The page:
Its use by pregnant women could affect their children, study finds.
In one of the more rigorous studies of its kind, researchers have found paracetamol use by pregnant women is linked to a higher risk of autism in their kids.
The finding, published in the journal JAMA Psychiatry, builds on recent studies in Spain and Denmark that also linked autism with maternal paracetamol use.
Those studies, however, shared a common weakness – they relied on the mothers’ self-reports to calculate total paracetamol use, a technique prone to error.
To sidestep any questions around fallible reporting, the current team, led by paediatrician Xiaobin Wang at the Johns Hopkins University Bloomberg School of Public Health in Baltimore, US, measured paracetamol levels in blood taken from the umbilical cord at birth.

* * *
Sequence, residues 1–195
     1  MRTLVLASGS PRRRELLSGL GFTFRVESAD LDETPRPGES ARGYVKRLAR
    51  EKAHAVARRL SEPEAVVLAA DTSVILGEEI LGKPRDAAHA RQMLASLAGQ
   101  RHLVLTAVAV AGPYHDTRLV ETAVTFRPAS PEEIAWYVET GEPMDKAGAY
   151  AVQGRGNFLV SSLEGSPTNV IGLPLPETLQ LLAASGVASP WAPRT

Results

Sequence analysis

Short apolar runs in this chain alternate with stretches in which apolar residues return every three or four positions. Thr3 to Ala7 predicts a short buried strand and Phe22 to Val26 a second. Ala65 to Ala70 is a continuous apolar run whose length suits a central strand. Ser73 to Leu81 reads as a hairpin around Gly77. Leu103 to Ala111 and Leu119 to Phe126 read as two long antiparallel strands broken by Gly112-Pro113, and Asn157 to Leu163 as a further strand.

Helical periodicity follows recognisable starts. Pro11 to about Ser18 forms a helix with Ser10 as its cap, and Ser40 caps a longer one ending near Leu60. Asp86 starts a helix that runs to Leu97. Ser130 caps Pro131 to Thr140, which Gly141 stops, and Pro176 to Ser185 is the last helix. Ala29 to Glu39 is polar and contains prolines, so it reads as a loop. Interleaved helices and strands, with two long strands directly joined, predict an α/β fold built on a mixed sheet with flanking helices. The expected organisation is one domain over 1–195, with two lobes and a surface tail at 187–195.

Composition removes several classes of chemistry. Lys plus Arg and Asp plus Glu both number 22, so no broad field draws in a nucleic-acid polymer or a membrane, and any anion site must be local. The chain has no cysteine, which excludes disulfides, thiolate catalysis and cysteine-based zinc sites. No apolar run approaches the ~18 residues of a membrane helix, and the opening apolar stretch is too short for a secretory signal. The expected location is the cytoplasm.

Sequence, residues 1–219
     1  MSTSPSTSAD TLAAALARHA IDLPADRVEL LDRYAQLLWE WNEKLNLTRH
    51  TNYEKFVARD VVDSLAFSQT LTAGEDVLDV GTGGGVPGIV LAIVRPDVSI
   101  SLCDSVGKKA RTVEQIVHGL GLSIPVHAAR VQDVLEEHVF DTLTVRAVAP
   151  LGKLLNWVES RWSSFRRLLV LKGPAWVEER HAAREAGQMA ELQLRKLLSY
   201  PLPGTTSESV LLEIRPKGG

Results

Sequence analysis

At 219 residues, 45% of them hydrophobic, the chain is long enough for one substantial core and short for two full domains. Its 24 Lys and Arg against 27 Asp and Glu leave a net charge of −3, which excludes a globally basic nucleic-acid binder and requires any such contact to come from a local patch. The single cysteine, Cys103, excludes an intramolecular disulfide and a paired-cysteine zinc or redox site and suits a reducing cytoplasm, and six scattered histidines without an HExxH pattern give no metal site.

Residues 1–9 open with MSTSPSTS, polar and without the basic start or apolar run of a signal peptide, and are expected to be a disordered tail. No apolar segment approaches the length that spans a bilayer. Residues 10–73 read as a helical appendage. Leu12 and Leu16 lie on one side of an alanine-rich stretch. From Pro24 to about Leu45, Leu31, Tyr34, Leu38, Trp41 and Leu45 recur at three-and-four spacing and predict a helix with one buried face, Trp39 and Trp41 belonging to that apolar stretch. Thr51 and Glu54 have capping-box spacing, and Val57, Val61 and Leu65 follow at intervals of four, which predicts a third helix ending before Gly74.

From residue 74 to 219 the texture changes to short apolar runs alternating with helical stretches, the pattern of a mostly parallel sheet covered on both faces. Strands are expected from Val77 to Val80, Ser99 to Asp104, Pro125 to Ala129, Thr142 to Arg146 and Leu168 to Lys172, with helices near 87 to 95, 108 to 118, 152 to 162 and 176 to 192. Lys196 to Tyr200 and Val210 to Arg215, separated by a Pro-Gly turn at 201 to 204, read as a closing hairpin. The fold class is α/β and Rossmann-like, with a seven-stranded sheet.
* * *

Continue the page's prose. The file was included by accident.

Wang’s group analysed 996 children born to mothers enrolled in the Boston Birth Cohort, a study of single, non-IVF births starting in 1998 and finishing up in 2018.
The original study included more than 3000 mums and babes. Wang’s subset was chosen because there was enough cord blood remaining to do the necessary tests.
In the Boston study children were tracked for up to two decades with tests that, in some cases, included screens for autism spectrum disorder (ASD) and attention-deficit/hyperactivity disorder (ADHD).
Wang’s team gathered up those data and got down to work.
Read the full study in Cosmos magazine here